Absorption and metabolism of a natural compound, 6-O-caffeoylsophorose (CS) from acylated anthocyanins in a red vinegar fermented with purple sweetpotato, were clarified. The absorption of CS and conjugated CS in blood from orally administrated Sprague-Dawley rats at a dose of 400 mg/kg was investigated by electrochemical detection-high performance liquid chromatography. As a result, CS was successfully detected in rat plasma (AUC0-6h, 108.6 ± 8.1 nmol h/mL) and was found to be an intact absorbable polyphenol. In addition, half of the absorbed CS was detected as its conjugates (AUC0-6h, 50.7 ± 5.7 nmol h/mL) as well as caffeic and ferulic acids from CS. By a time-of-flight-mass spectrometric analysis of CS-administered plasma sample, glucuronide and methylated conjugates of CS were identified, in addition to glucuronide, methylated, or sulfate conjugates of caffeic and ferulic acids. Consequently, CS was absorbed in intact form into rat blood and partly degraded to caffeic and ferulic acids or metabolized by glucuronidation, methylation, or sulfatation. © 2011 American Chemical Society.

Kondo T.,Miyazaki JA Food Research and Development Inc. | Kondo T.,University of Miyazaki | Nakashima A.,Miyazaki JA Food Research and Development Inc. | Watanabe T.,Miyazaki JA Food Research and Development Inc. | And 6 more authors.
Nippon Shokuhin Kagaku Kogaku Kaishi | Year: 2016

Previous studies have demonstrated a number of physiological functions for shiitake mushroom (Lentinula edodes), among which the antioxidant activity has been evaluated primarily using conventional chemical techniques. To date, there have been no reports on the anti-oxidative stress effect or on the antioxidant enzyme induction activity of shiitake/shiitake artifact. Therefore, in this study, we evaluated the anti-oxidative stress effect of shiitake grown in Miyazaki Prefecture andshiitake artifact from luminescence values obtainedusing a HepG2-ARE luciferase reporter assay system. The results showedthat shiitake exhibitedan anti-oxidative stress effect and, based on western blot analysis, was able to induce the expression of the antioxidant enzyme HO-1. Moreover, the anti-oxidative stress effect was foundto be retainedin driedshiitake. It is possible that the anti-oxidative stress effect of shiitake might be increasedvia heat processing or lactic acidfermentation. Copyright © 2016, Japanese Society for Food Science and Technology.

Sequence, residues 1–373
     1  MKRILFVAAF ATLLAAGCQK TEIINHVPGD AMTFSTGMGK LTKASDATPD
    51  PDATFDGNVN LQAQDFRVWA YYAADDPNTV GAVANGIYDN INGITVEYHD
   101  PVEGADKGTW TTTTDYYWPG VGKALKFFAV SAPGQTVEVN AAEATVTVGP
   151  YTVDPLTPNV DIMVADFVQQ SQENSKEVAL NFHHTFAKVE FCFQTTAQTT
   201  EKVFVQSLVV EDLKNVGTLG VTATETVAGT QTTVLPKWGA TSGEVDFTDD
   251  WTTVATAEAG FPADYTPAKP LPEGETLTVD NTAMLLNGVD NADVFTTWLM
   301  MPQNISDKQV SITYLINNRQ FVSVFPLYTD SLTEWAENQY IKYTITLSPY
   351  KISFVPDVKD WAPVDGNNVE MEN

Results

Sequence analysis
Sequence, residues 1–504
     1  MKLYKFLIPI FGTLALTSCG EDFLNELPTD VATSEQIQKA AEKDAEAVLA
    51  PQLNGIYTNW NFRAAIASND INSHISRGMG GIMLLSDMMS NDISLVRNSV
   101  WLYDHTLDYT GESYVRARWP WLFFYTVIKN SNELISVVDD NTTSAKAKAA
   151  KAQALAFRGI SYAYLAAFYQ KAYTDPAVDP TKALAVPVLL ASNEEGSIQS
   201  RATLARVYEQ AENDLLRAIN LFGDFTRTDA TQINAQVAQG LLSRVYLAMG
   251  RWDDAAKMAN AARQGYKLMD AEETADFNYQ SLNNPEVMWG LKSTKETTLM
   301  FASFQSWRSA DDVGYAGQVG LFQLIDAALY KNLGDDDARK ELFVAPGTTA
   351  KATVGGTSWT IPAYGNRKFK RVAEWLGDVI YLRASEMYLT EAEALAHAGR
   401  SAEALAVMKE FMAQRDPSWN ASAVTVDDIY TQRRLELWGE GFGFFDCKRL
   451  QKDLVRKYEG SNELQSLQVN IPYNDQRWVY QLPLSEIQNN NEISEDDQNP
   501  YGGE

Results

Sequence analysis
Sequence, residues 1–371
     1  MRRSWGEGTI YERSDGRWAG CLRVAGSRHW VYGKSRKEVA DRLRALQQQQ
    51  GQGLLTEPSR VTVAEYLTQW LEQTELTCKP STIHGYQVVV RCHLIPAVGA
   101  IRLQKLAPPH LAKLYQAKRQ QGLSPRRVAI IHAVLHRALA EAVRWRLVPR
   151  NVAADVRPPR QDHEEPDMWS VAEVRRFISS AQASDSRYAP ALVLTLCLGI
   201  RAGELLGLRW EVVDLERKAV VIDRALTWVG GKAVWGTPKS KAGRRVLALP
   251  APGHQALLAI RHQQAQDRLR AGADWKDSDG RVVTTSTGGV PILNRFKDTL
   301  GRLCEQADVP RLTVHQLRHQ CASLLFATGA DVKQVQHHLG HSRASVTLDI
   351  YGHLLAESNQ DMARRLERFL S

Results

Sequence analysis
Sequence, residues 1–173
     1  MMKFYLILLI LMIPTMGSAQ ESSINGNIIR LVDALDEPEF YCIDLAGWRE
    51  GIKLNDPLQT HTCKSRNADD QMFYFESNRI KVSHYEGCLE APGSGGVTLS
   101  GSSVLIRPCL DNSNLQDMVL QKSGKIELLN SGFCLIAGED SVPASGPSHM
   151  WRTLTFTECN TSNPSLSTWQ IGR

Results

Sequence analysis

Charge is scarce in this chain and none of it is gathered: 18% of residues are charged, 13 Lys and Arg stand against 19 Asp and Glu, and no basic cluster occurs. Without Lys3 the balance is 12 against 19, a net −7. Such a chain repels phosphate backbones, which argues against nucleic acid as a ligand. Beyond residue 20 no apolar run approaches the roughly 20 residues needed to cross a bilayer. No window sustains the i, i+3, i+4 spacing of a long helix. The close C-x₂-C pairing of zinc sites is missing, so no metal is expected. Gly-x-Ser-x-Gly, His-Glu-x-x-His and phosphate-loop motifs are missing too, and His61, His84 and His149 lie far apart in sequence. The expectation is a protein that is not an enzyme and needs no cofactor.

Nagahama K.,University of Miyazaki | Eto N.,University of Miyazaki | Shimojo T.,University of Miyazaki | Kondoh T.,University of Miyazaki | And 5 more authors.
Bioscience, Biotechnology and Biochemistry | Year: 2015

Natural killer (NK) cells play a key role in innate immune defense against infectious disease and cancer. A reduction of NK activity is likely to be associated with increased risk of these types of disease. In this study, we investigate the activation potential of kumquat pericarp acetone fraction (KPAF) on NK cells. It is shown to significantly increase IFN-γ production and NK cytotoxic activity in human KHYG-1 NK cells. Moreover, oral administration of KP-AF significantly improves both suppressed plasma IFN-γ levels and NK cytotoxic activity per splenocyte in restraint-stressed mice. These results indicate that raw kumquat pericarp activates NK cells in vitro and in vivo. To identify the active constituents, we also examined IFN-γ production on KHYG-1 cells by the predicted active components. Only β-cryptoxanthin increased IFN-γ production, suggesting that NK cell activation effects of KP-AF may be caused by carotenoids such as β-cryptoxanthin. © 2015 Japan Society for Bioscience, Biotechnology, and Agrochemistry.